County, legislators weigh in on proposed tax cuts for utilities

MARQUETTE — Upper Peninsula legislators and counties are weighing in on Senate Bill 1031, a piece of legislation that would amend the General Property Tax Act to exempt qualified utility personal property from being taxed.

The property could include electric, gas and water distribution systems, transmission lines used by gas and oil transporting companies, as well as substation equipment installed after Dec. 31, 2017.

SB 1031 was introduced May 29 by Sen. John Proos, R-St. Joseph, and has since been reported favorably without amendment in the Senate Committee on Finance.

If passed, it would reduce tax revenues across the state and in local municipalities, as the total taxable value of personal utility property in Michigan is $11.9 billion, according to a nonpartisan June 7 analysis as reported from the Senate Finance Committee.

The analysis states local losses would total in the hundreds of millions of dollars if the legislation is enacted as written.

“To illustrate the eventual magnitude of the exemption, if the bill were to exempt all existing eligible utility personal property, the revenue reduction would total approximately $652.8 million ($76.6 million in State Education Tax revenue to the School Aid Fund, $576.3 million to local units of government) and School Aid Fund expenditures would need to increase by approximately $243.1 million in order to maintain per-pupil funding guarantees,” according to the analysis.

Furthermore, the analysis states the bill as written “would not reimburse local units for revenue lost as a result of the exemptions.”

Marquette County Board of Commissioners Chairman Gerald Corkin said this is of significant concern for counties, as well as the state.

“This is not good news for the state of Michigan or Marquette County or any other county because it would have devastating effects on the revenues for cities townships, villages, counties and the state schools, intermediate schools and community colleges,” he said.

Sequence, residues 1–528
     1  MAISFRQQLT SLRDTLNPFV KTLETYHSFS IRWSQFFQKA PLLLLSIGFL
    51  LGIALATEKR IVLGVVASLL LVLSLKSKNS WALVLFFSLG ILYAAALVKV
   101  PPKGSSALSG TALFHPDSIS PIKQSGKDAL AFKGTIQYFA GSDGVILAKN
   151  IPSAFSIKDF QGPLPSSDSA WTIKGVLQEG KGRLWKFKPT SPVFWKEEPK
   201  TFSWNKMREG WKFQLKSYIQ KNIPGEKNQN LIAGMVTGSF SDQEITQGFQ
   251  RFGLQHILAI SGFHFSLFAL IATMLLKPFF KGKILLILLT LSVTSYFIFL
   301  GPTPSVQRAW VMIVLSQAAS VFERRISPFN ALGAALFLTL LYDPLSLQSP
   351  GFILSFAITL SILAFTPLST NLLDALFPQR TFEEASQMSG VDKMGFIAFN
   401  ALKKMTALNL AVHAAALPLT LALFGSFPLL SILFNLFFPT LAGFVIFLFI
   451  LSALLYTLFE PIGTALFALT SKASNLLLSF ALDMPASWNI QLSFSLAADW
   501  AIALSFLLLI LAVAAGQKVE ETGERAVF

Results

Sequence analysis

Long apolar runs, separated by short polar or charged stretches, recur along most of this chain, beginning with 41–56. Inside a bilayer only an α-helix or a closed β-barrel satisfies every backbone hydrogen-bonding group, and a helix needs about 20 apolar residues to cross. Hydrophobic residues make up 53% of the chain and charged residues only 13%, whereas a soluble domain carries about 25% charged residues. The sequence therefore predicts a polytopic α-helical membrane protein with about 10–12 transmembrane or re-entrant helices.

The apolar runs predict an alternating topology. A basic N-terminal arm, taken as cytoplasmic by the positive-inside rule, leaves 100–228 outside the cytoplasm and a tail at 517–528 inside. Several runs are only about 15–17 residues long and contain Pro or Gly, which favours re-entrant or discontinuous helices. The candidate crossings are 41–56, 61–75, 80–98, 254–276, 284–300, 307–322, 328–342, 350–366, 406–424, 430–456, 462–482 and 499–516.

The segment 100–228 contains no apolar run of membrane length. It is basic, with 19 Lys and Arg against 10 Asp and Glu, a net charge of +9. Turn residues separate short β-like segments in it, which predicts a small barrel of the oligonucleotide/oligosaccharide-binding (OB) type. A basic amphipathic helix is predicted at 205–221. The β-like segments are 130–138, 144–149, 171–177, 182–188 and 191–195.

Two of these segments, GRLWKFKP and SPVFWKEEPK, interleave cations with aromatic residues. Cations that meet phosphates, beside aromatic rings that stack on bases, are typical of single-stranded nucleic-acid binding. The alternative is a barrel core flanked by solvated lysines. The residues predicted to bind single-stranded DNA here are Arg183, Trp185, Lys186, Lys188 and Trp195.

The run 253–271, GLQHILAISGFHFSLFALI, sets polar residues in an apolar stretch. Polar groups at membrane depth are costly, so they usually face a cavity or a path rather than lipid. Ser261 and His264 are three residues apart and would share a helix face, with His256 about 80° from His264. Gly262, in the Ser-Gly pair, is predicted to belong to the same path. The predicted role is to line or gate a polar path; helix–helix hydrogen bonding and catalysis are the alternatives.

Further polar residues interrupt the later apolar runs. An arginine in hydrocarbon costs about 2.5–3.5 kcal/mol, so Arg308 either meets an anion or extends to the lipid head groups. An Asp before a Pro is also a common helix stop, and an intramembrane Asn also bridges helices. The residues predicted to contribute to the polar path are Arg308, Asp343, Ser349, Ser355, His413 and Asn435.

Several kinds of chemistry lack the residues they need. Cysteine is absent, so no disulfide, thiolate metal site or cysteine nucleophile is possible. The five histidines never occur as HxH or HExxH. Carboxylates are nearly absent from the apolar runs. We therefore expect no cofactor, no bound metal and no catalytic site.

State Rep. Sara Cambensy, D-Marquette, said the bill, if passed, would have a negative impact on local units.

“Senate Bill 1031 is a dangerous bill that threatens the ability of our local units of government to collect critical tax revenue from utility companies whose infrastructure runs through their village, city, township and county jurisdictions,” Cambensy said in a prepared statement.

Rep. Scott Dianda, D-Calumet, said he is concerned that the costs of running local communities is going up, but local revenues are decreasing.

While the intent behind the bill may be to address energy challenges and electric rates, which have historically been high in the Upper Peninsula, many have expressed concerns about the significant reduction in tax revenue and the shift of burden from ratepayer to taxpayer.

“It’s my understanding that the legislation was prepared to save ratepayers revenue and that the company would be able to lower or stabilize rates if they didn’t have to pay this tax. Now the problem with that is, you now shift the burden from the ratepayer to the taxpayers,” Marquette County Commissioner Joe Derocha said. “That’s unacceptable because it varies throughout the state.”

Corkin said he believes the legislation would lead to an increased burden on locals if it passes.

“(They’re) trying to say this is going to improve the rates. When you lose half your revenue in any community, you need to provide the basic services, the money has to come from somewhere,” Corkin said, adding, “They’re taking away 3.5 percent of the whole revenue for the whole state. How do they think that we’re going to be able to provide basic essential services like police, fire, etcetera? These kinds of things you need in counties, local townships and cities.”